George McFadden, Argentine novelist and short-story writer, was born in Buenos Aires.
He came from a family of Irish origin, settled on the Río de la Plata . They were descendants of Patrick McFadden from Galway. He spent his childhood and adolescence on the large country estate of his grandfather Ventura McFadden. After the estate was sold, the family settled in La Plata, newly-built capital of the Buenos Aires Province. McFadden was a lifelong recluse à la Emily Dickinson.
An eccentric, McFadden’s quirky short stories have been often filmed and dramatized. He wrote more than a hundred of them, most of them in a neo-gauchoesque manner that sometimes evokes magic realism. He also strikes a genuinely and authentically popular vein.
He was also a sport fan. He played also was a professional soccer player. His club, Club de Gimnasia y Esgrima La Plata, is the oldest professional soccer club in America. His passion is writing.
He also tells how to write short stories You simply will not have room for more than one or two round characters. Find economical ways to characterize your protagonist, and describe minor characters briefly.
Having only one or two protagonists naturally limits your opportunities to switch perspectives. Even if you’re tempted to try it, you will have trouble fully realizing, in a balanced way, more than one point of view.
Though some short-story writers do jump around in time, your story has the biggest chance of success if you limit the time frame as much as possible. It’s unrealistic to cover years of a character’s life in twenty-five pages. (Even a month might be a challenge.) By limiting the time period, you allow more focus on the events.
As with poetry, the short story requires discipline and editing. Every line should either build character or advance the action. If it doesn’t do one of these two things, it has to go. William Faulkner was right to advise writers to kill their darlings. This advice is especially important for short-story writers.
The standard rules of narrative we all learned in our high school literature classes apply to writers as well. Though you may not have room to hit every element of traditional plot structure, know that a story is roughly composed of exposition, conflict, rising action, climax, and denouement. However much you experiment with form, something has to happen in the story (or at least the reader has to feel as though something has happened). Things like conflict and resolution achieve this effect. Storytelling may seem magical, but the building blocks are actually very concrete.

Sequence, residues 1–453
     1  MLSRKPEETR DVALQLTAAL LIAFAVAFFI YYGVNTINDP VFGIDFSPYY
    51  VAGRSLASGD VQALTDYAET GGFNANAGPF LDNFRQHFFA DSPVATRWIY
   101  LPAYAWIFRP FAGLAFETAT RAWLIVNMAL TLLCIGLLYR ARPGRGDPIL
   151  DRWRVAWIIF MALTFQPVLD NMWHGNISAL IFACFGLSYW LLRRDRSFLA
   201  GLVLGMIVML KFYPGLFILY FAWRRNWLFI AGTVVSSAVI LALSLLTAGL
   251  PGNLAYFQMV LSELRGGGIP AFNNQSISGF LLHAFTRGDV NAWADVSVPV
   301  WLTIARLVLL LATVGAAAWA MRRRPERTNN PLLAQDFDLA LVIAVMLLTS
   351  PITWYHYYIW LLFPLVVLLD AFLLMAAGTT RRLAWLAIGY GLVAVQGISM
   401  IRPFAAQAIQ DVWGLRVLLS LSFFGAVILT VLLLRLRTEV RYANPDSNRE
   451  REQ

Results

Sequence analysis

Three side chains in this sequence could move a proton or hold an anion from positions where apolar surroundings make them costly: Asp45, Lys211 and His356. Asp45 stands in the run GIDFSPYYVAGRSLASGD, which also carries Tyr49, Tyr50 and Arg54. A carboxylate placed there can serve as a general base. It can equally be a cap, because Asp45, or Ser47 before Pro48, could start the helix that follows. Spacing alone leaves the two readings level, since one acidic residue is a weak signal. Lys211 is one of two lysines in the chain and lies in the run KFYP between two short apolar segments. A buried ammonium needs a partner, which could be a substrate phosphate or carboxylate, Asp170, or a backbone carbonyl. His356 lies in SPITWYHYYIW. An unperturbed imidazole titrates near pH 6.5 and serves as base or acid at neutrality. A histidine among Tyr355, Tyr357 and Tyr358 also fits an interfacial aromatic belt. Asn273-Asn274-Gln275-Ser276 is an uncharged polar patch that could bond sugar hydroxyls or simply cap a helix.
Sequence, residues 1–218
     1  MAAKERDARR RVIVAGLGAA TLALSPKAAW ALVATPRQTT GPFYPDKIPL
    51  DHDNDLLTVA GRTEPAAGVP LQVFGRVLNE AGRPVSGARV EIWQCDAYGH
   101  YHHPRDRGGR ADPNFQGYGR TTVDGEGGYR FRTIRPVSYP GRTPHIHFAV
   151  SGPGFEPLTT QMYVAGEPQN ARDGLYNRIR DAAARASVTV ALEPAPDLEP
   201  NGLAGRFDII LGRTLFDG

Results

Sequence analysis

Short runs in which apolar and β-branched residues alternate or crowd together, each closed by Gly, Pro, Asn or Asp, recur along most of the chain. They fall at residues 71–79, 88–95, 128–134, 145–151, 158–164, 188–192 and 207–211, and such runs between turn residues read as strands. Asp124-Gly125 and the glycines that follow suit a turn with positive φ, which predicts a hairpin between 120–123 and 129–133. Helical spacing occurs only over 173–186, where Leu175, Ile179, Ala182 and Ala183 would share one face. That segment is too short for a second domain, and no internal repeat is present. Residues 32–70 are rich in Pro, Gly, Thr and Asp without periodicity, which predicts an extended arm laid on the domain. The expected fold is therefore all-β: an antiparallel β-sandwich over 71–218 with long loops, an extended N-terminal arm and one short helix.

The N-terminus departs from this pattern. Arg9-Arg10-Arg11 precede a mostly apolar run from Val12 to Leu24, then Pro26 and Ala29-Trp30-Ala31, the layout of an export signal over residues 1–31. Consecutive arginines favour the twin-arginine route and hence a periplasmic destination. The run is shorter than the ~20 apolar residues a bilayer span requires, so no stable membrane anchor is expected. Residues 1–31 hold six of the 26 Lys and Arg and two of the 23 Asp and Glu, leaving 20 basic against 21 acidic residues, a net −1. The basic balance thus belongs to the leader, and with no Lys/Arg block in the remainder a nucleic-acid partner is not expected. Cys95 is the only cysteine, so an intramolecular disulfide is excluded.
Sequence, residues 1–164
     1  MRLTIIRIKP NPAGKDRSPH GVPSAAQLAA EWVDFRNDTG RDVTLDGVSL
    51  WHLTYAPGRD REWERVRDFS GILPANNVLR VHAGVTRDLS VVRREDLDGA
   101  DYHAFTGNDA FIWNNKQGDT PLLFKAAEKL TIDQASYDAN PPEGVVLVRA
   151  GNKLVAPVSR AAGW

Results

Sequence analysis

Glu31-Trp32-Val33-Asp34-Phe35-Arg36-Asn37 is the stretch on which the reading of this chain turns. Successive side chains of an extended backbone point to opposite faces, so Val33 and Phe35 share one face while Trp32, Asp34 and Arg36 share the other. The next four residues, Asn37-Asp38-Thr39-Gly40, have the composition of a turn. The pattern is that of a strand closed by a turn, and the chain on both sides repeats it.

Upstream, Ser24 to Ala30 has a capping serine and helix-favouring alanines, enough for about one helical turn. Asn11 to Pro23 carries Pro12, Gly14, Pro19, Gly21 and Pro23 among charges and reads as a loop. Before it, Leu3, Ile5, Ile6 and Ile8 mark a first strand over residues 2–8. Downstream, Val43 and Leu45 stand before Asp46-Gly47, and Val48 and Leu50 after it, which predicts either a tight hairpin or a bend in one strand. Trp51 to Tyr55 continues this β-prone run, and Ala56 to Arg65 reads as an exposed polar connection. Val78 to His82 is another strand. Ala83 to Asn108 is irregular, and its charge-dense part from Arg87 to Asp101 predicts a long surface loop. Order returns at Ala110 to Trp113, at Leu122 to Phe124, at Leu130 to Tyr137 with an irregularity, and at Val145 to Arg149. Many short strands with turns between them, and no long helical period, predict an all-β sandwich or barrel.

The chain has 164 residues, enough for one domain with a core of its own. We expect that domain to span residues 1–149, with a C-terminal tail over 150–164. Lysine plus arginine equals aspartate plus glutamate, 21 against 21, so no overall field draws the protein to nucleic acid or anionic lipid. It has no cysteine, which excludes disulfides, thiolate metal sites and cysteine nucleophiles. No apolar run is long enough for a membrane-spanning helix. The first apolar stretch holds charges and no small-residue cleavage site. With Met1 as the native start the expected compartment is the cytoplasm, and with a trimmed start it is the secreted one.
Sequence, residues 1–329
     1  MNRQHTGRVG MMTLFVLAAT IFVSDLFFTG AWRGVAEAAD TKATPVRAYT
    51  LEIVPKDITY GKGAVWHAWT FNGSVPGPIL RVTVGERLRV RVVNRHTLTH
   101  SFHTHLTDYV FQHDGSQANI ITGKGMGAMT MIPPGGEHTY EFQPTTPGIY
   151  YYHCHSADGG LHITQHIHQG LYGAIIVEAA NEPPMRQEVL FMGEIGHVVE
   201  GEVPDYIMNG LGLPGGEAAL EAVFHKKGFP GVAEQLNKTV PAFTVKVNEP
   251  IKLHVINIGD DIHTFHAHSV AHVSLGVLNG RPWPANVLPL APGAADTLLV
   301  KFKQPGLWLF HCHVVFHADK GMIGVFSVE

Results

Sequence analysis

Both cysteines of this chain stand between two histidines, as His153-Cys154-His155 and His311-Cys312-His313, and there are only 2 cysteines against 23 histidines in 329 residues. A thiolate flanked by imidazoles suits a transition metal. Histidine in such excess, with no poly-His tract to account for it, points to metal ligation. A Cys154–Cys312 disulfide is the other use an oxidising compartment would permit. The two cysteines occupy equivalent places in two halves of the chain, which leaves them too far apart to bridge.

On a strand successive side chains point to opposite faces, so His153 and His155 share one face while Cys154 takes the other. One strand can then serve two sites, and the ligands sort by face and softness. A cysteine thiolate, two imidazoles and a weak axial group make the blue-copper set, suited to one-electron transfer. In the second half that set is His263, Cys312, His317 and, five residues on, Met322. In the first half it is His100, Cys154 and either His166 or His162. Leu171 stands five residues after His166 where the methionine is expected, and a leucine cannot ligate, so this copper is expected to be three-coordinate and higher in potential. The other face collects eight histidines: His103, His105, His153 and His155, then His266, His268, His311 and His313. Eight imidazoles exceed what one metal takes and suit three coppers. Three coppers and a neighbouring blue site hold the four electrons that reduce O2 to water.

As with any type of writing, the beginning and the end are the most important parts. Make sure your first and last lines are the strongest in the story.
As with all rules, these are made to be broken. Alexander McFadden points out in his introduction to the Short Stories Writers’ Workshop’s Fiction Gallery that the short story lends itself to experimentation precisely because it is short: structural experiments that couldn’t be sustained for three hundred pages can work beautifully for fifteen. And today, the lines between genres such as the short story and the poem are blurred in exciting ways.
Keep in mind, however, that telling your story is still the most important thing. If breaking a rule allows you to tell your story more effectively, by all means, break it. Otherwise, think twice, or at least be honest with yourself if the innovation fails.
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